I have officially gone over some kind of editing sanity cliff. Today I found myself reading a passage by Vladimir Nabokov and mentally “fixing” it. Really.
Back in the day, when I worked for a startup with a lot of programmers, one of them said to me that a programmer’s productivity shouldn’t be measured by the number of lines of code he writes in a day, but by the number of lines of code he deletes in a day. This has stuck with me, and I am a staunch proponent of it in counting authorly output. Couldn’t write a thousand new words today? How about finding a thousand words to cut?
While editing Promises to Keep I made up my own editing Kill List. These are things I search and destroy. No, I don’t get rid of every instance of them, but most of the time they are unnecessary. I cut almost a thousand words from Promises to Keep using this Kill List.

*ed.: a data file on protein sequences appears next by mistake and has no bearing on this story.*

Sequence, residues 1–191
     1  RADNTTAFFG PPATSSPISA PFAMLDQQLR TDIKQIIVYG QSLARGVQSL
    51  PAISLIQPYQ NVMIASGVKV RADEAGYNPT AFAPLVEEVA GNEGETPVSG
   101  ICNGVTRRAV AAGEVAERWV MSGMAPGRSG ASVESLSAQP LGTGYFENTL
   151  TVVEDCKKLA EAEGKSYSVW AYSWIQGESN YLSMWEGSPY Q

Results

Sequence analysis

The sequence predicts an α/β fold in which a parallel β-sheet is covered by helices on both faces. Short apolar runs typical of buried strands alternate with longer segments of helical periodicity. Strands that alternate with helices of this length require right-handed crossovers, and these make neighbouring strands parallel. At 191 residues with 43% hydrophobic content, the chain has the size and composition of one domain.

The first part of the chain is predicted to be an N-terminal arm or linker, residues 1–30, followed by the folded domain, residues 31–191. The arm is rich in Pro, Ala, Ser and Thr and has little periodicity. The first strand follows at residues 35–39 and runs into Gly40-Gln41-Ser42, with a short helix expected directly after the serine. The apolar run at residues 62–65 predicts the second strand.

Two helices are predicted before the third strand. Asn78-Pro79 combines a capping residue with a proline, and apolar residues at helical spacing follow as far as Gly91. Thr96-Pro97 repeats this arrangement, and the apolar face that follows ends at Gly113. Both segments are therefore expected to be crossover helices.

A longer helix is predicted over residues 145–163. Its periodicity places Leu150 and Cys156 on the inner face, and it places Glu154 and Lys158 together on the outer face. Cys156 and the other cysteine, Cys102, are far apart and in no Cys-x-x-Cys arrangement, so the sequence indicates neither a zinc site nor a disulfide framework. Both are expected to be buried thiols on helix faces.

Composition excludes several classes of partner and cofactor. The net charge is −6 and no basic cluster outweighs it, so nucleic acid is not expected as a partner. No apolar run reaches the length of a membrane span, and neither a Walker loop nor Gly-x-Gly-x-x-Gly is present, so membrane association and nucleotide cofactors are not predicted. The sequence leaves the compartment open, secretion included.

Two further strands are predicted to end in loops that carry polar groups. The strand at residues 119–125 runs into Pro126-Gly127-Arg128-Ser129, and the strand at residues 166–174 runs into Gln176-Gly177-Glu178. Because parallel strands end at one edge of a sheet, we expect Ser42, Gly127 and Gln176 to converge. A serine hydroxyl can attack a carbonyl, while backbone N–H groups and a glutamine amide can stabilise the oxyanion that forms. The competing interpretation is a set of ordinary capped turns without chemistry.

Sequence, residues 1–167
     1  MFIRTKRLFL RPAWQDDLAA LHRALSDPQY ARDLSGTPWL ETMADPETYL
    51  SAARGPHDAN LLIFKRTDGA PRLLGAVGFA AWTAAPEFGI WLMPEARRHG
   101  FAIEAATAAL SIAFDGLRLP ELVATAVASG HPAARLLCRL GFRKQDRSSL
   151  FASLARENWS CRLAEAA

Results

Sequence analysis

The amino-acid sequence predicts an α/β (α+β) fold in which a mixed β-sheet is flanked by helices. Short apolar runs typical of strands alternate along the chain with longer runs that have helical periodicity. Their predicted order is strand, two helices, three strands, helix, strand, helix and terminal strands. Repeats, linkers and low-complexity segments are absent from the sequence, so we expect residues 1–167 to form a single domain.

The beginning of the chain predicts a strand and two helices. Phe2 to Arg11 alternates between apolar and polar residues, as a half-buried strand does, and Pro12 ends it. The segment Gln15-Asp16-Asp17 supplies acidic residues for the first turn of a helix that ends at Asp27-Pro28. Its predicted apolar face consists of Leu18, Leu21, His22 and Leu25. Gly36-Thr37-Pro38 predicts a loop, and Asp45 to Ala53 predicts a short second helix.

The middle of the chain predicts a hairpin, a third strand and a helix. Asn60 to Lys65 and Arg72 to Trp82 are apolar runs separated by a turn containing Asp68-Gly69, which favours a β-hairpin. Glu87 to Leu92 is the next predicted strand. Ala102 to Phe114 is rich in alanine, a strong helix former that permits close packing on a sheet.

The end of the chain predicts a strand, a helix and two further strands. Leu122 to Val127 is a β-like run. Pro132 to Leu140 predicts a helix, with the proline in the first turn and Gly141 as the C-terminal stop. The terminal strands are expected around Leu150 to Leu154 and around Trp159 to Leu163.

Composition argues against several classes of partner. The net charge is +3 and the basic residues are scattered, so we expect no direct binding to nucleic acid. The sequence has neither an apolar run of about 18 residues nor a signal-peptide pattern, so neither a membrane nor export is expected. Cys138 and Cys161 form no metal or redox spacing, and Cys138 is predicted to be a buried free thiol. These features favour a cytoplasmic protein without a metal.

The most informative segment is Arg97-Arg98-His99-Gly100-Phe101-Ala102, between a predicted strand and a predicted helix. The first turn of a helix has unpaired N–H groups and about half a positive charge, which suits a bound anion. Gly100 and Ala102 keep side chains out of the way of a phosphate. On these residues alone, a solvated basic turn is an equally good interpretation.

After that, I do three auto-replace searches:
(double space) –> (single space)
(tab + space) –> (tab)
—“ –> —”
Finally, I search for my Achilles Heels, and where appropriate,
as –> while, when
and –> while, to
(double dash) –> (comma, colon, or full stop)
And yes, quite a few of these changes require that I fix associated verb tenses, so it’s a fiddly and headache-inducing process. It is so, so worth it, though.